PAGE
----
Perhaps the most striking aspect of the fixation on cutting benefits in the early 2010s was the extent to which it was treated not as a controversial position but as the undeniably right thing to do. As Ezra Klein pointed out in The Washington Post at the time: “For reasons I’ve never quite understood, the rules of reportorial neutrality don’t apply when it comes to the deficit. On this one issue, reporters are permitted to openly cheer a particular set of highly controversial policy solutions.”
In a variety of ways, then, America’s wealthy exert huge political influence. Our ideals say that all men are created equal, but in practice a small minority is far more equal than the rest of us.
You don’t want to be too cynical about this. No, America isn’t simply an oligarchy in which the rich always get what they want. In the end, President Barack Obama presided over both the Affordable Care Act, the biggest expansion in government benefits since the 1960s, and a substantial increase in federal taxes on the top 1%, to 34% from 28%.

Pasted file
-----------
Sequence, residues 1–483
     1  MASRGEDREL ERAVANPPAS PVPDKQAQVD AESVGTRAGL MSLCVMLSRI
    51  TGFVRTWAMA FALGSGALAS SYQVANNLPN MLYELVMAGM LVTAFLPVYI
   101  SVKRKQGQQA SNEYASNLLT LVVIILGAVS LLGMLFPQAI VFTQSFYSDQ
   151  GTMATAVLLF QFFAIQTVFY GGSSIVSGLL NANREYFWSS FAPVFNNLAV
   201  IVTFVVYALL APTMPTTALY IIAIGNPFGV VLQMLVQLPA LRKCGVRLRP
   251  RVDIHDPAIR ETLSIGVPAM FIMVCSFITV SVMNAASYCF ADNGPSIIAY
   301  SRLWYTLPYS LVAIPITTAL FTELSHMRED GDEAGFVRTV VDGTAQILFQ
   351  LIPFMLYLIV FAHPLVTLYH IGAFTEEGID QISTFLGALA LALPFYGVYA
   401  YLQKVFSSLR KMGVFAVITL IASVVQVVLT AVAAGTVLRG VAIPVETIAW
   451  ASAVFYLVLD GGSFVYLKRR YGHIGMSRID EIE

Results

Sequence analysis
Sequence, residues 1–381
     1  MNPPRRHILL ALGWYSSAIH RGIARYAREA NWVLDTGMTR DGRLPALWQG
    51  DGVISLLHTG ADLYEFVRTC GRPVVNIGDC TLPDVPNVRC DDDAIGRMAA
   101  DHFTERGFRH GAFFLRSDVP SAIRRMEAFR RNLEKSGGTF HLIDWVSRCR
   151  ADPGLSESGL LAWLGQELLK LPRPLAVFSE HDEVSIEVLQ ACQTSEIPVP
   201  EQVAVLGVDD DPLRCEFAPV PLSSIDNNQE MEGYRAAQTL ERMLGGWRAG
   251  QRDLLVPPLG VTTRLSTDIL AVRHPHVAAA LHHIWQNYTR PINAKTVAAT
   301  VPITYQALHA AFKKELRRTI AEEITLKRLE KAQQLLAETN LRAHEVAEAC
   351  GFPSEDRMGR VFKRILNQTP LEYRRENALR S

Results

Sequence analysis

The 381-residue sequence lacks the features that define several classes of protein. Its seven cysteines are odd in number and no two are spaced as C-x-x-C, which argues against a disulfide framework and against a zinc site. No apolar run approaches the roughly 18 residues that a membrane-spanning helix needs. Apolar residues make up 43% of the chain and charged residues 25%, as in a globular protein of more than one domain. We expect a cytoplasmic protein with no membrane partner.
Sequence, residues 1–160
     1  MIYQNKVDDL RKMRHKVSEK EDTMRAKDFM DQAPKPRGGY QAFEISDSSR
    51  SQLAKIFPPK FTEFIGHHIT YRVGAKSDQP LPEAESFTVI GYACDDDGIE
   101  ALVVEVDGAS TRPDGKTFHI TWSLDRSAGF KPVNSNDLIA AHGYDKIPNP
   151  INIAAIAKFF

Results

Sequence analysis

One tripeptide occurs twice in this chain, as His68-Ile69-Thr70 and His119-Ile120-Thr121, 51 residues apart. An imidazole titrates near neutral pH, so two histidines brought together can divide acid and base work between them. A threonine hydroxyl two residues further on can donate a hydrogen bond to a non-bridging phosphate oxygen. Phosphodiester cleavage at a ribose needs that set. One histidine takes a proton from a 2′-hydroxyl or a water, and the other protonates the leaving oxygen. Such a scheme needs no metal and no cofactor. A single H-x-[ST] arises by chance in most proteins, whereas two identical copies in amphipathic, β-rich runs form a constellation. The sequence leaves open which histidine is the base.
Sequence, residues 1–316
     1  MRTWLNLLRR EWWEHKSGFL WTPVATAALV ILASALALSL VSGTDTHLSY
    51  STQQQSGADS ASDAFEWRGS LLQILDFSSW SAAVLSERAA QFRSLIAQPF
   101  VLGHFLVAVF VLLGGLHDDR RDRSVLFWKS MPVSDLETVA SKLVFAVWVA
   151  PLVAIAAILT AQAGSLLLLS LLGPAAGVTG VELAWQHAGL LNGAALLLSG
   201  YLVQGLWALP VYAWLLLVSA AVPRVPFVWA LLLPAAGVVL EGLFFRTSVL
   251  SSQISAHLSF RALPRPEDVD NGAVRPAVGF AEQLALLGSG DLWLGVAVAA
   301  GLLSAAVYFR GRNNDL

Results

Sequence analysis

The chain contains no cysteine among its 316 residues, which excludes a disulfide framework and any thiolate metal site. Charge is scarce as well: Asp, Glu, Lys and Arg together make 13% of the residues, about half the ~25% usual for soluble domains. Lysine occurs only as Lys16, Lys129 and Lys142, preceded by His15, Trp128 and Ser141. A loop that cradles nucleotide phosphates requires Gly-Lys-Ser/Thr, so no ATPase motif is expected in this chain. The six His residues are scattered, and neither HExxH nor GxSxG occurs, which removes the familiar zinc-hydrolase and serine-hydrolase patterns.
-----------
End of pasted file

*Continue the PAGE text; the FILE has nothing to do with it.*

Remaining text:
And no, the parties aren’t equally in the wealthiest Americans’ pocket. Democrats have become increasingly progressive, while the rich dominate the Republican agenda. Donald Trump may have run as a populist, but once in office he reversed much of that Obama tax hike, while trying (but failing, so far) to take away health insurance from as many as 23 million Americans.
But while you shouldn’t be too much of a cynic, it remains true that America is less of a democracy and more of an oligarchy than we like to think. And to tackle inequality, we’ll have to confront unequal political power as well as unequal income and wealth.
Paul Krugman, Ph.D., winner of the Nobel Memorial Prize in Economic Science, is an Op-Ed columnist for The New York Times.